Algae control in ship hulls - Environmental

Prevent biofouling on ship hulls with ultrasound to reduce the use of antifouling paint. Prevent biofouling formation. Lower fuel costs. Safe for the marine ecosystem.

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All ships have some degree of biofouling, even those which maybe have been recently cleaned or had a new application of an antifouling system.

As the oceans have warmed, different species of aquatic organisms are growing faster and faster. This leads to the accumulation of various aquatic organisms on ship’s hulls. It is very costly to have a dirty hull- since it may increase fuel costs by 40 percent with each voyage. Therefore, biofouling on ships is unwanted and needs to be treated effectively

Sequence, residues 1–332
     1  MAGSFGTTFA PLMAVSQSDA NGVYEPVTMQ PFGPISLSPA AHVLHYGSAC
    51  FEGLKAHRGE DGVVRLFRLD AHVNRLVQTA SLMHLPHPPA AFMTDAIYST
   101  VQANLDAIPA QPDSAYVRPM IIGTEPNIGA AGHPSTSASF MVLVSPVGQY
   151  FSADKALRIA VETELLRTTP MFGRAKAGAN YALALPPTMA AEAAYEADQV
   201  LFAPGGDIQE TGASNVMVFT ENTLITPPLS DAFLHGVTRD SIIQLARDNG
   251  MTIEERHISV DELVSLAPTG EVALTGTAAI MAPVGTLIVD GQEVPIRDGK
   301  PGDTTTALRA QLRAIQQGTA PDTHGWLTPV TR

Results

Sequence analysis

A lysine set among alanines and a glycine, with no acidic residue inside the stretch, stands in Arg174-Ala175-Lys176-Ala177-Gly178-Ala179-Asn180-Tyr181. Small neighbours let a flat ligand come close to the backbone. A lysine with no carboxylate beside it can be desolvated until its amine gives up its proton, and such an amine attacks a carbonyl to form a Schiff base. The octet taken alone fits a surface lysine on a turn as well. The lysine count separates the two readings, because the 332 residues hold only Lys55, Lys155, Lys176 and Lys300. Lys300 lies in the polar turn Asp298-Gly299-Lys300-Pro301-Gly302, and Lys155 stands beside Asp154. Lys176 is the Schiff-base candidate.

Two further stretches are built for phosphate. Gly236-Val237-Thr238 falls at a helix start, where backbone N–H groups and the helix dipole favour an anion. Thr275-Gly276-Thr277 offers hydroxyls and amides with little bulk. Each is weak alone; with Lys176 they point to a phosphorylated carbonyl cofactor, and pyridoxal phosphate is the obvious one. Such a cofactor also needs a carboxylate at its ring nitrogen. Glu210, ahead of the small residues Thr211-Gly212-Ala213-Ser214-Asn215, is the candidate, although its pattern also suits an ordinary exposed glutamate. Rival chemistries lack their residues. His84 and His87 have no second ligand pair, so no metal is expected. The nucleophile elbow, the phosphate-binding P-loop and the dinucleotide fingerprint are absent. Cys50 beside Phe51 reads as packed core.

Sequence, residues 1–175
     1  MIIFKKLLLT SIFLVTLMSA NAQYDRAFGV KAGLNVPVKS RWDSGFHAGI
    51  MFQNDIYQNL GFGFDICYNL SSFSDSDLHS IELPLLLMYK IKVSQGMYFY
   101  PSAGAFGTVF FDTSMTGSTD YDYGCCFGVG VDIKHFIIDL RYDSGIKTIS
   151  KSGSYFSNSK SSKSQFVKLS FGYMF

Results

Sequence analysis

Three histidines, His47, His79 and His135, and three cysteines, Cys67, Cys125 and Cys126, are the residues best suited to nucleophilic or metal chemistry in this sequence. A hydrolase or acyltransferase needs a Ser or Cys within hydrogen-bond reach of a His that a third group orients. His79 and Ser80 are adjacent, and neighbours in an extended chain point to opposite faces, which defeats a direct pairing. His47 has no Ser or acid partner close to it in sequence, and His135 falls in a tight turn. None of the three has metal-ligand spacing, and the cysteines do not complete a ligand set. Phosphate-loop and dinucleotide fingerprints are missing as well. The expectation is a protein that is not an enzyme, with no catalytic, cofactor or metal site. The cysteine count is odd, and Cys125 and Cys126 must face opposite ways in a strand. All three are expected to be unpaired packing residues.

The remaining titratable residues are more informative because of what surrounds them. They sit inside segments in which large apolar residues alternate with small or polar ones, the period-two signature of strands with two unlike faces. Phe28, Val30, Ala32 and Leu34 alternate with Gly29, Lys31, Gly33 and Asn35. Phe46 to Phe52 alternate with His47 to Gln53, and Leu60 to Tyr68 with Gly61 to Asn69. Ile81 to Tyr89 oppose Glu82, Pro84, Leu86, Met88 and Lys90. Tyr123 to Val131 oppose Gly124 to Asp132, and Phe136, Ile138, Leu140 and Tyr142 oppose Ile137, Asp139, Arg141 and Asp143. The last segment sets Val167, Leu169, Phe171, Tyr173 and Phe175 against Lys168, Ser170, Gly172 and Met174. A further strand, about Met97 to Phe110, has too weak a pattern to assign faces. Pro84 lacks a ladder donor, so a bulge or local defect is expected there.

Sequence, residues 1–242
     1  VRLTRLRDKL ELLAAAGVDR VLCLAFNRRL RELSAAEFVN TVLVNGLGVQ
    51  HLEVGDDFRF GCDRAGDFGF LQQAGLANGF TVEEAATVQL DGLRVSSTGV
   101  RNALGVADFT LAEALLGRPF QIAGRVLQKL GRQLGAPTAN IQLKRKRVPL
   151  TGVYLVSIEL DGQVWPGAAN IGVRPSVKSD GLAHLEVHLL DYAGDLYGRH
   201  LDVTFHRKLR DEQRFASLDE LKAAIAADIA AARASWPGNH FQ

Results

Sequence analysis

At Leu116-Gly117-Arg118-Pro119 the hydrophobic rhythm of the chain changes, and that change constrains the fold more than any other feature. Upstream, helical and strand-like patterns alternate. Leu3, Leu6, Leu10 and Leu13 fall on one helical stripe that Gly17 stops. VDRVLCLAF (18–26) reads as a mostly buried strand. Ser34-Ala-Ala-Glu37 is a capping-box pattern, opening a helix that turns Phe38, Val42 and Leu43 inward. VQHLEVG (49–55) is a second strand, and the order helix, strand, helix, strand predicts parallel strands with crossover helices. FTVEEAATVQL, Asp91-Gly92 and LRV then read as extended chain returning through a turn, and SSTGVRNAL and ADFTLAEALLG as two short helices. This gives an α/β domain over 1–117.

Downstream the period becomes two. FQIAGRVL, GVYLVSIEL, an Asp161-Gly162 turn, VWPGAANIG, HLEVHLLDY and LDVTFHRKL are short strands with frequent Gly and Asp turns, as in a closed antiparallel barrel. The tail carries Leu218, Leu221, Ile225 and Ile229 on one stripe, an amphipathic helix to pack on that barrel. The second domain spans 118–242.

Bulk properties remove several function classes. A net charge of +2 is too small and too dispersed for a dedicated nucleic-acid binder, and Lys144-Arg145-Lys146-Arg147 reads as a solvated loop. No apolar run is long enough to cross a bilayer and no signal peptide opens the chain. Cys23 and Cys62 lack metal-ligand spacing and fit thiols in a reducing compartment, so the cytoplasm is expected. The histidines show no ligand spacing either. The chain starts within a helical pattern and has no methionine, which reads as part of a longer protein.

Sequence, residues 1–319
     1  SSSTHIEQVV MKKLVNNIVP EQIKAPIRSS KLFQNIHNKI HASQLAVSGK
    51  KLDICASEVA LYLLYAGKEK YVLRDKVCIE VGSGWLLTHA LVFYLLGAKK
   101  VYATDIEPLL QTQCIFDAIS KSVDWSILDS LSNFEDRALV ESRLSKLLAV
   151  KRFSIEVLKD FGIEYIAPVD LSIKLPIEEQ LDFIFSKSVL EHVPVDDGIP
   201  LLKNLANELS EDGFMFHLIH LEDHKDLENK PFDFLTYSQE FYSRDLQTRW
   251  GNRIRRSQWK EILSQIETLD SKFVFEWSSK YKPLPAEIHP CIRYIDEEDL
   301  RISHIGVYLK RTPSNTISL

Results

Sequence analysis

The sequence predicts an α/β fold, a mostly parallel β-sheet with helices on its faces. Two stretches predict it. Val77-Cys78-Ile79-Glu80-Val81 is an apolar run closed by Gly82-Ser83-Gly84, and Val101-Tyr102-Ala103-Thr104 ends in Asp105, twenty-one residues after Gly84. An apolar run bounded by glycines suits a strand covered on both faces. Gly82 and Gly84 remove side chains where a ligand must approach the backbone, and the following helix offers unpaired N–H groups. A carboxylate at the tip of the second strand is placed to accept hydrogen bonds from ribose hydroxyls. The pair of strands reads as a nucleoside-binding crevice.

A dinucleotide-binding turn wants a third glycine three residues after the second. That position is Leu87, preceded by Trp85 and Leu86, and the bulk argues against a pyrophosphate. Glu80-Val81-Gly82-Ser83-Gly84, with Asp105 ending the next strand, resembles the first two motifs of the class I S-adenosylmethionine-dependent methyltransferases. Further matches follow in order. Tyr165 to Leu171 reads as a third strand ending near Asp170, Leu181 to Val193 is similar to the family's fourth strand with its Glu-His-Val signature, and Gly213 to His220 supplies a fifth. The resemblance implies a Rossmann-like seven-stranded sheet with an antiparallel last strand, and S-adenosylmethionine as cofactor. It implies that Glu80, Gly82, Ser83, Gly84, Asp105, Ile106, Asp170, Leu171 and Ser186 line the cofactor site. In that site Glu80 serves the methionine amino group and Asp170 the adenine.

Biofouling on ship hulls is the accumulation of microorganisms, plants, algae and animals. On some ships biofouling is worse, because of the expanded trade and traffic volume. The effects of it have been devastating in many areas of the world. The spread of different aquatic organisms causes an enormous damage to biodiversity. These aquatic organisms are introduced into new environments by ships mainly through ballast water or hull fouling. Moreover, biofouling also causes more fuel usage for ships, which correspondingly produces 40% more CO2 emissions.

On most ships, antifouling is applied. This is a biocidal paint that prevent aquatic organisms from attaching to a hull. Nevertheless, the environmental damage which can be caused by current antifouling systems seems to be growing. Therefore, many countries such as the Netherlands, Japan and Australia forbid the use of antifouling paint. Other technologies- such as the use of ultrasound waves- can prevent the formation of biofouling on ship hulls. This technology ensures lower fuel costs and is safer for the marine ecosystem.